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Oct. 30 2009 - 1:33 pm | 5,492 views | 3 recommendations | 8 comments

10 Reasons to Dump Daylight Saving Time

dstThis weekend is the end of Daylight Saving Time. Technically, that’s at 2 a.m. Sunday morning — you set your clock back (or, more likely these days, your clock sets itself back) and “gain” an hour of sleep. Until spring, when you “lose” that hour of sleep. Unless you’re lucky and live in Arizona, Hawaii, Puerto Rico, the Virgin Islands, American Samoa, Guam or the Northern Marianas and get to avoid all this nonsense.

Aside from the fact that it’s a giant pain in the ass and that it makes winter that much more godawful (sunsets at 3 p.m. in the afternoon), there are just so many reasons to dump Daylight Saving Time — or, at least, to dump the twice-a-year-time-change (we probably want to leave the clocks where they are during the summer).

Here are 10 of them — hint: Daylight Saving Time might kill you:

1) Daylight Saving Time (DST) was sold as an energy-saving measure. But it doesn’t save energy. The results of a natural experiment in Indiana (where the state was moved onto DST by a change in the law in 2006) showed that DST actually increased residential energy demand by 1% overall — and by 2%-4% in October.

2) You think DST is something we do for farmers? From the same paper: “A common misperception is that DST is an agricultural policy. Farmers have historically been one of the most organized groups against the practice of DST, as it requires them to work in morning darkness for an extra hour in order to coordinate with the timing of markets.”

3) Here’s an easy one: time wasted setting clocks backward and forward.

4) Another easy one: appointments missed because of time-change confusion.

5) When the clocks are set ahead in the Spring, it causes more car accidents.

6) Also due to the shift back to DST, workplace injuries rise, likely due to employees’ lack of sleep. According to one study of the number of injuries reported to the Mine Safety and Health Administration from 1983 to 2006: “there were 3.6 more injuries on the Mondays following the switch to daylight saving time compared to other days, and 2,649 more days of work were lost as a result of those injuries.”

7) The clocks being set ahead in Spring also interrupts our natural adjustment to changing sunrises, with possible impact on our long-term health.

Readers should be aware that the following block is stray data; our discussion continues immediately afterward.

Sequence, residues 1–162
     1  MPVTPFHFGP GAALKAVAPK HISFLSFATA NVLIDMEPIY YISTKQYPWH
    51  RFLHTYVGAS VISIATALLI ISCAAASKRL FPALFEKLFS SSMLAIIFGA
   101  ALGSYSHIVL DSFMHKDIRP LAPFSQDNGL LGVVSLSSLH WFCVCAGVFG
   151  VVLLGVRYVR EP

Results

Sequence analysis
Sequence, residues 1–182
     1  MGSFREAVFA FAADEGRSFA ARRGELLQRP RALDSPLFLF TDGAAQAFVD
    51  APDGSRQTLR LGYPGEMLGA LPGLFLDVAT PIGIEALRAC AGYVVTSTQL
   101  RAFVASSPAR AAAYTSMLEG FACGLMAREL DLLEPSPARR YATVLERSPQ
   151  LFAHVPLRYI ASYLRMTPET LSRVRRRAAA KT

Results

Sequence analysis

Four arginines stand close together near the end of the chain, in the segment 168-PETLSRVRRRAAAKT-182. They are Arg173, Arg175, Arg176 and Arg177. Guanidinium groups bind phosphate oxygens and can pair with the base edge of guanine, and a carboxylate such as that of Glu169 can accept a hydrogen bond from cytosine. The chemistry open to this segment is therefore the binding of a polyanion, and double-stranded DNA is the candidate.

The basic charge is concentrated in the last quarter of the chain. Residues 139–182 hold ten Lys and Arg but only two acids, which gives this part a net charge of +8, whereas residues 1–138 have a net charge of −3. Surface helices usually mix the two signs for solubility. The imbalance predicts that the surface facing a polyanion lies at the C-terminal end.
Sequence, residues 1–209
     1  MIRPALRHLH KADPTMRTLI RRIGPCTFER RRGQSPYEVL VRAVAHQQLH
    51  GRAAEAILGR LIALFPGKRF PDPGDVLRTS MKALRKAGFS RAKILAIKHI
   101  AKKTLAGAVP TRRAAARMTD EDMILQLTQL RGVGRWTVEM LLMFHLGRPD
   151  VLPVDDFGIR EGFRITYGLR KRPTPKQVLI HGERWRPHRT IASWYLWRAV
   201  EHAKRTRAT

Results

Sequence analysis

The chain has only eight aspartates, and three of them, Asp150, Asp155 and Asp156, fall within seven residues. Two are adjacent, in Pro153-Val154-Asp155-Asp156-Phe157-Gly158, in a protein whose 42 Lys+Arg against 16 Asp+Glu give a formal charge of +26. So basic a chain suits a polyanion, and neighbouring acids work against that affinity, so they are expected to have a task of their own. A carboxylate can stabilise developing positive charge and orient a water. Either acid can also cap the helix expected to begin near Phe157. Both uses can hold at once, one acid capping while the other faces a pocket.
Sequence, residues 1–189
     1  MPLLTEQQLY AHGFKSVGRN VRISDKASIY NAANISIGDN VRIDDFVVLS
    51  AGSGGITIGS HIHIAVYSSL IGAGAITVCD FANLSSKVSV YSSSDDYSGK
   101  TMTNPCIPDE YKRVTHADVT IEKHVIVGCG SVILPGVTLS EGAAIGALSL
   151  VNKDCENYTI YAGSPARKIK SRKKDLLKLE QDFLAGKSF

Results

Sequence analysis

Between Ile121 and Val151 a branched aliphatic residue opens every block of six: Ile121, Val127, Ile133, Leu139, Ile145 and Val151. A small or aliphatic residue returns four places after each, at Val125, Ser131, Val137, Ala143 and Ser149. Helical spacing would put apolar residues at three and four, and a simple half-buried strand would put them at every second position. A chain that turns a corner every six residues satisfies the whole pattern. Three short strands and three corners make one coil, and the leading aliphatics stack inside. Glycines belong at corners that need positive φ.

8) It sucks.

9) DST really doesn’t save energy.

10) When Ben Franklin proposed the idea, he was frickin’ kidding.

Below the fold, one way DST is good…

Getting more light in the morning reduces winter depression. But we could combat the morning darkness with some simple tricks, such as using a “dawn simulator” or setting a bedside lamp on a timer for 20 minutes before our alarm clocks.


3 T/S Member Comments Called Out, 8 Total Comments
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  1. collapse expand

    So nobody ever suggested leaving the clocks alone, but instead let everyone knock off work an hour earlier in the summer to go fire up the barbecue?

    I once worked a 7-to-3 shift in a company with flex hours, it was great and my commute was shorter.

  2. collapse expand

    What about a 7-hour workday with different workplaces staggering their start times? Manufacturing, for example, could go 6am-1pm and commercial offices could go 8am-3pm and government offices could go 11am-6pm. It would allow more people to enjoy daylight hours, reduce unemployment, save energy, relief congestion and allow the many households with both parents working to be with their kids.
    The simple fact that our skin manufactures vitamin D in the presence of sunlight should indicate the overall importance of spending some part of our day outside in sunlight.

  3. collapse expand

    Actually, the Department of Energy estimates that electricity demand drops by 0.5 percent during Daylight Saving Time, saving the equivalent of nearly 3 million barrels of oil.

  4. collapse expand

    We Aussies are upside down so this comment comes during summer :)

    Um in most parts of he world DLS happens during summer. If it’s affecting the apparent time the sun sets in winter I feel for you and you need to move further south.

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    About Me

    I'm a freelance writer and blogger based in Brooklyn, NY. My background is mostly in politics. I've worked on the editorial boards of the New York Sun and New York Post. In 2006, I wrote a book, "The Elephant in the Room: Evangelicals, Libertarians, and the Battle to Control the Republican Party" (Wiley). I've also done my share of freelancing, for places like the Atlantic Monthly, The New York Times, Reason, and RealClearPolitics.

    These days, I'm interested in humanity's ever-expanding understanding of its own irrationality. Hence, this blog.

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